3. Avoiding Bad Debt: If you find yourself either purchasing or acquiring some product/ service that requires you to borrow money from a lender with interest (additional charges), and this product/service never generates any probable passive income (profit) for you in the future, that's bad debt. If you must charge any items on credit, make sure to pay off all outstanding balances the very next month to avoid getting stuck in the expensive cycle of paying the monthly compounded interest rate fees (and additional late fees [if you don't make your payments on time]). If you find that you are unable to pay off all of your outstanding balances within a month, that's a sign that you are probably using credit cards as "extended income" and that you should not be using credit whatsoever (especially not for impulsive emotional purchases). It is also important to remember to pay your bills on time to help protect your credit and FICO score.

Tips to help you manage your credit or loan payments

Create a calendar alert or buy yourself a monthly planner or wall calendar so that you can write the full, or minimum amounts due, as well as the due dates owed to each company. This will ensure that you don't miss your monthly payment. For example: $25 due to MasterCard on August 14th. Make sure you always get your payments credited to your account by the stated due date. Each month your bill arrives, make sure you pay careful attention to the actual due dates printed on the statement as these dates may fluctuate. Credit card bills are due every 30 days from the billing cycle date—not necessarily the same date each month (based upon their 30-day billing cycle contractual fine print).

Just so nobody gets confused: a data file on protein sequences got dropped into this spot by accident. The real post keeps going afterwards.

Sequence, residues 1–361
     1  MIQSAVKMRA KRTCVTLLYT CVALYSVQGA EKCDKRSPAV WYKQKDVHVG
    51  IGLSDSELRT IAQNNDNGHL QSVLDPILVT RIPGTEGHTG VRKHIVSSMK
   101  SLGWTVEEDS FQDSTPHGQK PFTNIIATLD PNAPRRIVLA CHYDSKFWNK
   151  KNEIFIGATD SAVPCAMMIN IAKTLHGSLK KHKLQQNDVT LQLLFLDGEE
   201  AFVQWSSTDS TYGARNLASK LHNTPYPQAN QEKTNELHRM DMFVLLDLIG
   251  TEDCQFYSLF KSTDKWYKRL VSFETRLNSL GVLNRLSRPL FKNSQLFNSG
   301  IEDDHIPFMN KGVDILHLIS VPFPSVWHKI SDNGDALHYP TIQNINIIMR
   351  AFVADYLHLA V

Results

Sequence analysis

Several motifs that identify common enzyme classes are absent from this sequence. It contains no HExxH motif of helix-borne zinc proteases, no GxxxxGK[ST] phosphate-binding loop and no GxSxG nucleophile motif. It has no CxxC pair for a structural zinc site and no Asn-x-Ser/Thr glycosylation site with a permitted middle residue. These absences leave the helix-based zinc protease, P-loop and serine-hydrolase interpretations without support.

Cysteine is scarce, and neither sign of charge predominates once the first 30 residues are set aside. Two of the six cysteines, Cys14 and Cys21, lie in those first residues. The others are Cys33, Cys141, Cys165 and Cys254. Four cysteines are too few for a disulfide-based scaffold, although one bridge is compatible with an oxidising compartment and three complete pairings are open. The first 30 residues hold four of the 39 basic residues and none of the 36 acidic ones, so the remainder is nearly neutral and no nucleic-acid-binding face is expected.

My final words of advice as you embark on your new money management and positive spending strategies—pick someone close to you, whom you trust (parent, relative, mentor, spouse, significant other, etc.), to meet with you on a weekly or monthly basis. They will help you review your monthly budget and savings plans so that, like a gym buddy/partner, they can help support you to stay motivated, focused and hold you accountable as you develop your new personal savings habits for success.

About the Author
Larry Jacobson

Larry is passionate about imparting the very knowledge and tools that have empowered him to become a successful trader and financial author.